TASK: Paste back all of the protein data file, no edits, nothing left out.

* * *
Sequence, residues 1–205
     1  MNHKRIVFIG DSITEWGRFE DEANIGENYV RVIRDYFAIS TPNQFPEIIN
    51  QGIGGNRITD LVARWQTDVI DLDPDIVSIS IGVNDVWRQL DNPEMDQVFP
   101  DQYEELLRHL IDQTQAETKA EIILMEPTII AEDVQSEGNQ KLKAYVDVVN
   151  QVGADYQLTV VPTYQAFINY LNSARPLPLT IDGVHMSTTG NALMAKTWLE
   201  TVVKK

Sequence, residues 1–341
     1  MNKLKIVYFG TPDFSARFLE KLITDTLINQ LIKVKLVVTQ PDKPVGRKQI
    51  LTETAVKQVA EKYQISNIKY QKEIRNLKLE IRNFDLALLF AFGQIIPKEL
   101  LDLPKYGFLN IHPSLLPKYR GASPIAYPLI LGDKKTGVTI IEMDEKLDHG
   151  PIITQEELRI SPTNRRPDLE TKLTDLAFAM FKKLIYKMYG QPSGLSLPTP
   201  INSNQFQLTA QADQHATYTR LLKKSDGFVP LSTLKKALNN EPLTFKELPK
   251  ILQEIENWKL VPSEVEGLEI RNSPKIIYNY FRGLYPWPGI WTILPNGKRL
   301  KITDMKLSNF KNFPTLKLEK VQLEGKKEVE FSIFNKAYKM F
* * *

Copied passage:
Sequence, residues 1–205
     1  MNHKRIVFIG DSITEWGRFE DEANIGENYV RVIRDYFAIS TPNQFPEIIN
    51  QGIGGNRITD LVARWQTDVI DLDPDIVSIS IGVNDVWRQL DNPEMDQVFP
   101  DQYEELLRHL IDQTQAETKA EIILMEPTII AEDVQSEGNQ KLKAYVDVVN
   151  QVGADYQLTV VPTYQAFINY LNSARPLPLT IDGVHMSTTG NALMAKTWLE
   201  TVVKK

Sequence, residues 1–341
     1  MNKLKIVYFG TPDFSARFLE KLITDTLINQ LIKVKLVVTQ PDKPVGRKQI
    51  LTETAVKQVA EKYQISNIKY QKEIRNLKLE IRNFDLALLF AFGQIIPKEL
   101  LDLPKYGFLN IHPSLLPKYR GASPIAYPLI LGDKKTGVTI IEMDEKLDHG
   151  PIITQEELRI SPTNRRPDLE TKLTDLAFAM FKKLIYKMYG QPSGLSLPTP
   201  INSNQFQLTA QADQHATYTR LLKKSDGFVP LSTLKKALNN EPLTFKELPK
   251  ILQEIENWKL VPSEVEGLEI RNSPKIIYNY FRGLYPWPGI WTILPNGKRL
   301  KITDMKLSNF KNFPTLKLEK VQLEGKKEVE FSIFNKAYKM F